“new art directions” (phase 6) by Ruud Janssen (Breda, Netherlands)
May 17, 2015 - Ruud Janssen has created many charts mapping trends, events, strategies, theories and other subjects related to mail art and Fluxus. These charts are often works of visual art as well as texts, making them different from earlier Fluxus prototypes. Ruud Janssen’s charts can be viewed as visual poetry as well.
I was thrilled to discover through online sources that Ruud Janssen had created a seven “fase” work exploring some current trends in mail art of great interest to me. Then I was even more thrilled to receive this poster size copy of the work. The entire “new art directions” is shown above in the form of a scan that was originally posted online by Ruud Janssen. Given my scanner limitations, I post my own scanning of the work below in two halves. This does allow for a close look at the details:
Here is the note on the reverse side:
“new art directions” seems to be a part of Ruud Janssen’s ongoing meditations upon the nature of mail art in the digital and snail mail realms. This is a subject of great concern to many mail artists; and dialogues have taken place on several digital platforms, including at IUOMA-Ning. The conversation continues with many differing opinions, ranging from pronouncements of the death of mail art to promises of a new Golden Age made possible by the digital.
Comparisons of mail art being produced today with the products of previous decades are inevitable and necessary in this discussion. “new art directions,” in addition to its digital theme, addresses a particular aspect of contemporary mail art. Some observers have noted a folk art trend in contemporary mail art. I am in agreement the folk art tendency exists and have even given it a name: Mail Art NouveauX.
Yet I believe the avant-influenced, conceptual art-based mail art remains dominant in the network. This is a mail art rooted in Ray Johnson and the New York Correspondance School and Fluxus, although it has evolved via influences such as Neoism (not to mention dozens of important individual artists). Fluxus – now the domain of museums, art historians and collectors in the mainstream – has survived and is thriving in a different form in the Eternal Network. (The current status of Fluxus is highly controversial.) I agree with Ruud Janssen (I believe he is suggesting) that Trashpo, DKult and asemics are current mail art “movements” that are “Fluxed” – inherently derived from Fluxus, although there are other pronounced influences as well.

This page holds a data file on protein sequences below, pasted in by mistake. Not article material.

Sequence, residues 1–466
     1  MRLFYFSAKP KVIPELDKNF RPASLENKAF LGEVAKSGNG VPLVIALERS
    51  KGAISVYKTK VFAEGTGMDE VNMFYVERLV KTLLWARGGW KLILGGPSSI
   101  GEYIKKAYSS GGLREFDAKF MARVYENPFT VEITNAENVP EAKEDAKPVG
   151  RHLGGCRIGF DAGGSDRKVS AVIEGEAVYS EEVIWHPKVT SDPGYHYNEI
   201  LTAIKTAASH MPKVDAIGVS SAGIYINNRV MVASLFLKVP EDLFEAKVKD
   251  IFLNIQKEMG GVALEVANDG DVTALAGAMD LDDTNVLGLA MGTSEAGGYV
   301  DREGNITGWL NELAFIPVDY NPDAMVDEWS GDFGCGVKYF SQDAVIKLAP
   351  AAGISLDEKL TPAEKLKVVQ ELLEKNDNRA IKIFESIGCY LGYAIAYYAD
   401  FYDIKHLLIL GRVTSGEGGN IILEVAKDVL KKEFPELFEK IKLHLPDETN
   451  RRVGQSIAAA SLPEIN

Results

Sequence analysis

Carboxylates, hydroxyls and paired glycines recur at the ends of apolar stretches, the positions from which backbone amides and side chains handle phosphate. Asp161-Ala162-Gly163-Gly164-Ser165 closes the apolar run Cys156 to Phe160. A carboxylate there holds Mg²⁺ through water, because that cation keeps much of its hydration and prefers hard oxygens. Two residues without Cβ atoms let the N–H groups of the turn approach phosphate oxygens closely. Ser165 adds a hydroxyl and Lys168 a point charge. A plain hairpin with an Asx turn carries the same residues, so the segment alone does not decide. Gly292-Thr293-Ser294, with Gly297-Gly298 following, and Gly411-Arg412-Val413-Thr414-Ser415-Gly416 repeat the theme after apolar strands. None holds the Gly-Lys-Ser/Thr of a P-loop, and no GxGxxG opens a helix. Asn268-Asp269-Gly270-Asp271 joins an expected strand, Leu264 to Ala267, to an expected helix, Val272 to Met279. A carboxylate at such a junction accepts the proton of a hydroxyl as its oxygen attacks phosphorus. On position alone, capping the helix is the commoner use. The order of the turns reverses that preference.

Trashpo is by definition a kind of visual poetry using found materials based on pieces Jim Leftwich (Virginia, USA) made in 2005. Probably due to the popularity of working with found material, many mail artists have experimented with Trashpo. DKult is a community of mail artists who are particularly passionate about Trashpo. Based around Diane Keys (Illinois, USA) with chapters across the globe, DKult seems to have emerged by accident but does have strong similarities to other imaginary religions that have emerged in the network, usually as parody, such as the Church of the Subgenius and the cultish aspects of Neoism. Ray Johnson’s fan clubs are a prototype too. The anti-art stance and aesthetic are clearly derived from Fluxus.
“new art directions” names asemics aka asemic writing specifically. No question current interest in asemic writing is strong inside and outside the mail art network. I see it as a subset of the even larger movement of visual poetry, which is transforming traditional literature. Many visual poets are currently experimenting with asemics. Much work called asemic writing, especially the portion being produced in the mail art network, is in actuality a form of vispo-asemic hybrid.
Fluxus did not invent visual poetry nor does one need to be in some way connected to or cognizant of Fluxus to participate. But Fluxus has been a tremendous supporter of visual poetry (especially concrete poetry) for decades. Figures such as Emmett Williams and Dick Higgins made tremendous contributions. The mail art network has been a primary conduit for the circulation of concrete and visual poetry, as well as related forms, and has – indeed – kept these forms alive when they were languishing in the mainstream. The mail art network still has a primary place in the global visual poetry community, and I completely agree the situation is the same for asemic writing: the current “new kid on the block.”
In this way, I understand Ruud Janssen’s “new art directions.”
The material above was also included in the mailing. As if all this were not enough, this material came in a vintage, hand-painted envelope:
Deepest thanks to Ruud Janssen!